The Wrong Way To Use Antibiotics
Good news from the NYT:
“The Obama administration announced Monday that it would seek to ban many routine uses of antibiotics in farm animals in hopes of reducing the spread of dangerous bacteria in humans.
In written testimony to the House Rules Committee, Dr. Joshua Sharfstein, principal deputy commissioner of food and drugs, said feeding antibiotics to healthy chickens, pigs and cattle — done to encourage rapid growth — should cease. And Dr. Sharfstein said farmers should no longer be able to use antibiotics in animals without the supervision of a veterinarian.
Both practices lead to the development of bacteria that are immune to many treatments, he said.
The hearing was held to discuss a measure proposed by Representative Louise M. Slaughter, Democrat of New York and chairwoman of the Rules Committee. It would ban seven classes of antibiotics important to human health from being used in animals, and would restrict other antibiotics to therapeutic and some preventive uses.
The legislation is supported by the American Medical Association, among other groups, but opposed by farm organizations like the National Pork Producers Council. The farm lobby’s opposition makes its passage unlikely, but advocates are hoping to include the measure in the legislation to revamp the health care system.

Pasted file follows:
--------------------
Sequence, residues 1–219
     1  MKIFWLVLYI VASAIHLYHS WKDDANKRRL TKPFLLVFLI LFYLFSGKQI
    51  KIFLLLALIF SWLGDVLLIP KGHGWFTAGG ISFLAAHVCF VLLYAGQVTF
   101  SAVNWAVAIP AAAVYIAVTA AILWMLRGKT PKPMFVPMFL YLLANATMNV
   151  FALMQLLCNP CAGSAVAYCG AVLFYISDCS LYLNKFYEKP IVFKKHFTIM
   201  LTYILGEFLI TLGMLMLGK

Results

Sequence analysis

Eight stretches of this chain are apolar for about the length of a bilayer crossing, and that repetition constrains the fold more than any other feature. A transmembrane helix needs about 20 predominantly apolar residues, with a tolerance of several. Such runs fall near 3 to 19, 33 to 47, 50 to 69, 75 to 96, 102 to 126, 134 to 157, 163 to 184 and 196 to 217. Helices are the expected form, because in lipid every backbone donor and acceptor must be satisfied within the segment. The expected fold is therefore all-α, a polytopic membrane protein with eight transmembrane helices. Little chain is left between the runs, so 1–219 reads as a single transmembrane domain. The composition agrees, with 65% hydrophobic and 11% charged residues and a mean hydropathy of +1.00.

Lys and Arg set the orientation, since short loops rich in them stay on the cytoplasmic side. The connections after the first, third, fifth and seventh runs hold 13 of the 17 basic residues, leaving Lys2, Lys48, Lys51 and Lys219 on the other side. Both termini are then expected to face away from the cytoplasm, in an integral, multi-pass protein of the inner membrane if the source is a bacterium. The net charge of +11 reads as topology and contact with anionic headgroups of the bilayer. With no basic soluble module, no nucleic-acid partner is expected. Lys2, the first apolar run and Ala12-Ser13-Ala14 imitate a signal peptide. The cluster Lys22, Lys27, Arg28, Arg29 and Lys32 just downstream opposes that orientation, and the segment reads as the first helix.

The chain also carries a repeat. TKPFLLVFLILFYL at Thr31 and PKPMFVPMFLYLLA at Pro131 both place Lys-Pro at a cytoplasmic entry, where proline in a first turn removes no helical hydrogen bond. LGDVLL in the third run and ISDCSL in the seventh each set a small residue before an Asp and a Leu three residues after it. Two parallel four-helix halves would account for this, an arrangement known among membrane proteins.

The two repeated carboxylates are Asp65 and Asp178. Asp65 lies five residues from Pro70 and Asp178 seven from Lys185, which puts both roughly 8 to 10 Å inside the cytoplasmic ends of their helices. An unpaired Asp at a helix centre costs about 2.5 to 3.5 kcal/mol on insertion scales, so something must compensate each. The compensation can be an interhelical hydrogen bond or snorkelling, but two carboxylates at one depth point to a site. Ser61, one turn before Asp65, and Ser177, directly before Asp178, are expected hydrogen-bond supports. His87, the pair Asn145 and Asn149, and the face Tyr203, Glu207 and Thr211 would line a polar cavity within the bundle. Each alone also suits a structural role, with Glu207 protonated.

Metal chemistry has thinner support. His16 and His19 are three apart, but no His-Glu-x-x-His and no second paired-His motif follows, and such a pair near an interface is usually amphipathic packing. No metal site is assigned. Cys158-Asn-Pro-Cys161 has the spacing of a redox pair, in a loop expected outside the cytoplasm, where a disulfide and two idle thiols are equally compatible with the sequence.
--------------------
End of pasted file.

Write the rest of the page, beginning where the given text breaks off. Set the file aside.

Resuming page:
The Union of Concerned Scientists has estimated that as much as 70 percent of antibiotics used in the United States is given to healthy chickens, pigs and cattle to encourage their growth or to prevent illnesses.”
This is really important. Antibiotics make diseases that used to be fatal into minor annoyances. But resistance to antibiotics is rising, and we are not developing new antibiotics to replace the ones bacteria are becoming resistant to. This is in part because spending money to develop new antibiotics doesn’t make sense for pharmaceutical companies.
For one thing, antibiotics are used for short periods of time; the real money is in drugs for chronic conditions that have to be taken indefinitely. For another, if a new antibiotic were developed, it would probably be held in reserve and used only when no other antibiotic worked, so that bacteria would not become resistant to it. This is interference with the market. We are interfering for very good public health reasons: we want to have a drug that bacteria are not resistant to in reserve. But that means that a new antibacterial will not dominate its competitors if it proves to work better than they do.
We need to find a way to promote the development of new antibiotics. In the meantime, however, we should try not to do things that promote antibiotic resistance. Feeding antibiotics to farm animals not to treat diseases, but just to make them grow faster, is one of those things. There are lots of ways of promoting animals’ growth that do not put people’s lives at risk. We should find them.
(Note: this would probably also lead to improvements in the treatment of farm animals. When farm animals are fed antibiotics, you can get away with much more dubious hygiene than you could otherwise. This would also be a very good thing — though I don’t support factory farming in any form.)